. . . this summer, as newspapers report the hottest temperatures ever recorded on Earth and Amazon blasts me with discounts on their best-selling ACs, I cannot help feeling that our turn has come at a bad time. If nothing is done to make air-conditioning more energy-efficient, India alone is projected to use 30 times more electricity in 2030 than it did in 2010. Globally, air conditioning is projected to account for 40% of the growth in energy consumption in buildings by 2050—the equivalent of all the electricity used today in the U.S. and Germany combined. It’s enough to send a chill down the spine of the most ardent of AC evangelists.

The irony of a world made hotter by our need to be cool strikes some as proof of our rapacity. To me, having grown up in the place where so much of the new demand is coming from, I see it as part of a necessary realignment. As the global south gets richer, it will act as a frontier and laboratory. My hope is that it will achieve a miraculous breakthrough in energy efficiency, even as it asserts an inalienable right to sit in AC.

For the full commentary, see:

Aatish Taseer. “My Love Affair With Air- Conditioning.” The Wall Street Journal (Saturday, July 15, 2023): C4.

(Note: ellipses added.)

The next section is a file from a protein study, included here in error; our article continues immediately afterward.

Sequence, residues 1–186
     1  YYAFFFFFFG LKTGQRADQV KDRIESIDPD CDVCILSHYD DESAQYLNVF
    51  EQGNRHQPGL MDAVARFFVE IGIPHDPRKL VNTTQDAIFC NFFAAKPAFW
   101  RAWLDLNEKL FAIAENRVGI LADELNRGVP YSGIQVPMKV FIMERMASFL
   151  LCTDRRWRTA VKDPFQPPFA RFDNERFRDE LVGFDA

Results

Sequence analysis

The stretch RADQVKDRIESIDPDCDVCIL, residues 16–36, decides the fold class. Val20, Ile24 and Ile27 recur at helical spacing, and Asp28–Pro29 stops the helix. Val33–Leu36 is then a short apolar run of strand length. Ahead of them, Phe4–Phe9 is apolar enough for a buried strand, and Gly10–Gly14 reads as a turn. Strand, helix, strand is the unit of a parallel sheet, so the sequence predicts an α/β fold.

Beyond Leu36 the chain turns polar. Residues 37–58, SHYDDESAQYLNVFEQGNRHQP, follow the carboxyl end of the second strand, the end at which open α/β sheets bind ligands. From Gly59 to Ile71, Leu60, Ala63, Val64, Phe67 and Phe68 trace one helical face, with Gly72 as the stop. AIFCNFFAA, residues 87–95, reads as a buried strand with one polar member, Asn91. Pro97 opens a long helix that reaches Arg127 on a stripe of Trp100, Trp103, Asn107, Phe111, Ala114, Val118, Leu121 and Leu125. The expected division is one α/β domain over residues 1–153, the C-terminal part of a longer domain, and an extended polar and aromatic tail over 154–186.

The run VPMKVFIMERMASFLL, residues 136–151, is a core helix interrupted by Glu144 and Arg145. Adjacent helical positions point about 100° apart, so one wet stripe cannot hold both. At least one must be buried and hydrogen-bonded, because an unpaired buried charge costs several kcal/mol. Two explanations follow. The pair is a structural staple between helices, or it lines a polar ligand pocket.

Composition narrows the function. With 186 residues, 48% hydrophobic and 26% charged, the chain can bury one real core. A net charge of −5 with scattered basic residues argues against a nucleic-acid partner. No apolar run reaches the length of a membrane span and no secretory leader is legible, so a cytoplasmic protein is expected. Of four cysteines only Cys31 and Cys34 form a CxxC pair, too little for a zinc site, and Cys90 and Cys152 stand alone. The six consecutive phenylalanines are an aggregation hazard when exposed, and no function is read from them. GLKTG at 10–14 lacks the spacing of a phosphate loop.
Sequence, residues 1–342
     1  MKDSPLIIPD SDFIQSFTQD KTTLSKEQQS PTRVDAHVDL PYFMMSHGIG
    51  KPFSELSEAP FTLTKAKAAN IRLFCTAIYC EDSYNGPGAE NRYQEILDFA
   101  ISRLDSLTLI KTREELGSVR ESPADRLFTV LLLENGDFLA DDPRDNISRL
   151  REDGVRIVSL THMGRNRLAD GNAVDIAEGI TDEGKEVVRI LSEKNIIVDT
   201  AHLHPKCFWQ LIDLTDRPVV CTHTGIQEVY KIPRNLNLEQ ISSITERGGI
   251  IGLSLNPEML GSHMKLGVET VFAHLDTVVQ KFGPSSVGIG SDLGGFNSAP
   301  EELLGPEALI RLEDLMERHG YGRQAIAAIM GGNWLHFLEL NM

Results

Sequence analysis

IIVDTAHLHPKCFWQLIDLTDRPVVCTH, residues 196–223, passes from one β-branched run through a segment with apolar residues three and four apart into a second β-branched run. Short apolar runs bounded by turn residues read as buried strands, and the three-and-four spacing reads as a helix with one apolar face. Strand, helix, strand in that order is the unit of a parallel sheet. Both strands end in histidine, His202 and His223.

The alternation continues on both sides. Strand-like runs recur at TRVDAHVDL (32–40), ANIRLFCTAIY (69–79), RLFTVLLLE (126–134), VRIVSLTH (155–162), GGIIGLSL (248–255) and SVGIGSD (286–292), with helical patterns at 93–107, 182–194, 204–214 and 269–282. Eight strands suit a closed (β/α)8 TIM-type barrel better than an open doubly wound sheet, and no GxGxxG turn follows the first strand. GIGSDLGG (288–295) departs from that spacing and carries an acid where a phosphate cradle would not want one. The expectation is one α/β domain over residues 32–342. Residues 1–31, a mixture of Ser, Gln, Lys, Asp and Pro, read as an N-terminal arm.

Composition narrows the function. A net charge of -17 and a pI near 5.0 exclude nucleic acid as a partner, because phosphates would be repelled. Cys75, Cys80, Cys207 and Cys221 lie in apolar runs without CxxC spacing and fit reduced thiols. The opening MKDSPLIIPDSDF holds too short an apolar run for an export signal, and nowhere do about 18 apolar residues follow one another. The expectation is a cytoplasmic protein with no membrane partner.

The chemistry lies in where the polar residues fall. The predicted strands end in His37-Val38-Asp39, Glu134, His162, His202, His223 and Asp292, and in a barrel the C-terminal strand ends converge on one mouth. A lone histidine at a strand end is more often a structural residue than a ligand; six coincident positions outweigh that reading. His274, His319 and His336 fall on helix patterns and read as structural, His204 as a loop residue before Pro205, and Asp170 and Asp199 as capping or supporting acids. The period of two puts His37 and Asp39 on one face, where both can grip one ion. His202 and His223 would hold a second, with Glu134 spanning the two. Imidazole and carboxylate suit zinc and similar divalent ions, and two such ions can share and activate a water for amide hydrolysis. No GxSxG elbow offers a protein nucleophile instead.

(Note: the online version of the commentary has the date July 14, 2023, and has the same title as the print version.)

Chinese Communists Suspend Release of Record High Youth Unemployment Rate

(p. B1) The Chinese government, facing an expected seventh consecutive monthly increase in youth unemployment, said Tuesday [Aug. 15, 2023] that it had instead suspended release of the information.

The unemployment rate among 16- to 24-year-olds in urban areas hit 21.3 percent, a record, in June and has risen every month this year. It was widely forecast by economists to have climbed further last month.

The decision to scrub a widely watched report could exacerbate the concerns expressed by investors and executives who say ever-tightening government control of information is making it harder to do business in China.

Fu Linghui, a spokesman of the National Bureau of Statistics, said at a news briefing that the government would stop making public employment information “for youth and other age groups.” He said the surveys that government researchers use to collect the data “need to be further improved and optimized.”

China’s youth unemployment rate has doubled in the last four years, a period of economic volatility induced by the “zero Covid” measures imposed by Beijing that left companies wary of hiring, interrupted education for many students, and made it hard to get the internships that had often led to job offers.

The announcement drew more than 140 million views on the Chinese social media site Weibo within a few hours. Many people (p. B3) commenting online, some turning to sarcasm, said they believed the government suspended the report to try to hide negative information. Others said they believed the public had the right to be informed.

. . .

Young people in China are facing a big gap between labor demand and supply. According to official data, 11.6 million students were expected to graduate college or university this year — the most ever and nearly one million more than last year. Future classes are expected to be even larger, while economic growth had started to slow even before the pandemic.